Erwin E. Smith always wanted to be a cowboy and an artist. As he was growing up in Bonham, a town in Fannin County in North Texas, the old cowboy ways were disappearing, but the legends and myths were just beginning. As the United States shifted from an agrarian nation to an assertive industrial power, people looked to the rural past for reassurance. Popular literature, art, and the fledgling film industry promoted an idealized image of the cowboy as a confident, free-spirited, and unassuming hero.
As a boy Smith collected prints of paintings by artists who fed this trend, including George Catlin, Frederic Remington, and Charles M. Russell. He especially admired Russell, who worked as a cowhand for over a decade, declaring that his work most accurately represented the ranching life. Smith also acquired photographs by Laton Alton Huffman, who captured the life of Montana cowboys from the early 1880s to 1905; Evelyn Cameron, a photographer of early White settlers to Montana; and Charles D. Kirkland, who produced a series called Views of Cowboy Life and the Cattle Business in the 1880s.
Smith took every opportunity to gain experience as a working cowboy, spending summers on his uncle's ranch near Quanah, Texas. The land bordered the Great Western Cattle Trail, which thousands of longhorns followed north in the 1880s. But his real interest was in documenting the fading cowboy traditions as the era of the great trail drives was ending, a topic Remington had addressed years earlier in The Fall of the Cowboy, and Smith started capturing it in photographs when he was 12 or 13 years old.
Smith attended the Art Institute of Chicago, one of the best art schools in the Midwest, from 1905 to 1907, where he studied with noted sculptor Lorado Taft. He then transferred to the School of the Boston Museum of Fine Arts, where, from 1907 to 1910, he studied with sculptor Bela Lyon Pratt. Smith initially intended to use his photographs as studies for sculptures and paintings, but while in Boston he saw that the images were both historical documents and works of art in themselves and turned his full attention to photography.
He photographed roundups and other scenes on ranches in Arizona, New Mexico, and Texas, making a point of visiting large ranches where the work approximated what the open range was like before the land was sectioned off by barbed wire fences. He recorded every aspect of working on the range, from managing cattle to showing cowboys in their free time, capturing all the key figures from chuckwagon cooks to wranglers. He found that there was no set pattern to ranch work, as much of it was dependent on circumstances like the weather, geography, and animals’ behavior. In order to capture the work, Smith had to anticipate what might happen, remain flexible to accommodate changes that did occur, and be patient. One report described Smith galloping ahead of the herd to set up his equipment so he would be in the exact spot at just the right moment to capture the action.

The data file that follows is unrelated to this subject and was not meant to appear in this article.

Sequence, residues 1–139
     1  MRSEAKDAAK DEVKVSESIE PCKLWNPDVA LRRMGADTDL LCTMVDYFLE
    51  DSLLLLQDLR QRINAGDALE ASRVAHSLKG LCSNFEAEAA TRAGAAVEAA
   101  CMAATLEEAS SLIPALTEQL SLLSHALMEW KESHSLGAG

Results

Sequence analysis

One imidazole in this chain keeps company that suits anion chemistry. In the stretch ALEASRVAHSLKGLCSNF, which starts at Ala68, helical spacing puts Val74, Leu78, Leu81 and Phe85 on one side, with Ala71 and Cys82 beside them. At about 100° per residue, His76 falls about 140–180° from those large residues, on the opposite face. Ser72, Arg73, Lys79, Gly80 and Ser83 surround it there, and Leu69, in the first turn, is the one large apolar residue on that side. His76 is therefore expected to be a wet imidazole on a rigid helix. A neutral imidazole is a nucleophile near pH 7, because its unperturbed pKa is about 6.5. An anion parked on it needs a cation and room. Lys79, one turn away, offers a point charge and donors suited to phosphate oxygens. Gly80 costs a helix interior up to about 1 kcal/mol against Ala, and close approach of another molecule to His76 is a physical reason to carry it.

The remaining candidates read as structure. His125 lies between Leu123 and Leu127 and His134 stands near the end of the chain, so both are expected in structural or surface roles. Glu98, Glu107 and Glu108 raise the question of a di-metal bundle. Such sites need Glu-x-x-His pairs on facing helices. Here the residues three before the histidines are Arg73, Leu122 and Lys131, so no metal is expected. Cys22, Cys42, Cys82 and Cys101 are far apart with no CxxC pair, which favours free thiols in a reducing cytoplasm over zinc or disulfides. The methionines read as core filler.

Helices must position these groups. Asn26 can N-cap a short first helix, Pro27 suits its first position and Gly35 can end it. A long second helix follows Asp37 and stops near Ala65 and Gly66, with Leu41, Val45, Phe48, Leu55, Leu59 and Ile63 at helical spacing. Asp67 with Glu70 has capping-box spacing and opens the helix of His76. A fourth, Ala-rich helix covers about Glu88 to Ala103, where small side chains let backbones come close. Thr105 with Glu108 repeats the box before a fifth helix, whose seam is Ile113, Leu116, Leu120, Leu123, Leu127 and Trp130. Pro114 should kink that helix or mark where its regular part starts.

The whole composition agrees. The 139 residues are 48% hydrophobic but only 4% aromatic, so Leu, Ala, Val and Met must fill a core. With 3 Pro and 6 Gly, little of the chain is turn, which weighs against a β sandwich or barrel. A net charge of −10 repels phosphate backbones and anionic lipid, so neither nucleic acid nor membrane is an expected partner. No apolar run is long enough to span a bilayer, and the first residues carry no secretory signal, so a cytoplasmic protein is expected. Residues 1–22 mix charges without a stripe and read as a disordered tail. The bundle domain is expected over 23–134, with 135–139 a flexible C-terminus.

Sometimes working as a cowhand himself, Smith often appeared in his own negatives, sometimes posing while someone else operated the camera. On other occasions he would convince cowhands to pose in ways that created a good composition. After making his exposures, he often cropped the negatives and sometimes even experimented with sketching additional details onto some of the negatives and prints to improve the image. His understanding of composition, his artistic talent, and his willingness to experiment all coalesced to produce what the Boston Herald called “the finest pictures of range life ever taken.”jump to citation[x]
Smith was an able promoter of these scenes. He adopted “Bar Diamond Bar” as a brand, based on the name of a ranch in a fictional story he had written as a schoolboy. His photographs began to be featured in popular national magazines and newspapers in 1906, including several articles by George Patullo. In 1911, he began marketing custom albums in the hope of attracting new customers: For a sum of five dollars, any interested buyer could purchase a unique collection of Smith's photographs. Smith received a number of orders, but his lackluster production slowed sales as some customers waited up to a year for their album. In 1916, he established a relationship with the Cattle Raisers Association of Texas, who would reproduce his photographs for 31 years in their magazine, The Cattleman.
After Smith's death in 1947, his half-sister, Mary Alice Pettis, deposited many of Smith's negatives at the Library of Congress. She retained a collection of prints and negatives for herself, hoping that the entire collection would someday find a home in Texas. In 1986, the Library of Congress collection and the Mary Alice Pettis collection were reunited when Pettis bequeathed it all to the Amon Carter Museum of American Art, where it joined work by artists like Huffman and Russell, who had inspired Smith, to contemporary artists also taking on themes of the American West. Pettis also established the Erwin E. Smith Foundation to foster an appreciation for the artist’s work and to advance an understanding of the history of the open-range cattle industry in the Southwest.
- ↵ “From Bronco Buster to Fine Art Student,” Boston Herald (published as The Sunday Herald), January 12, 1908, magazine section 1.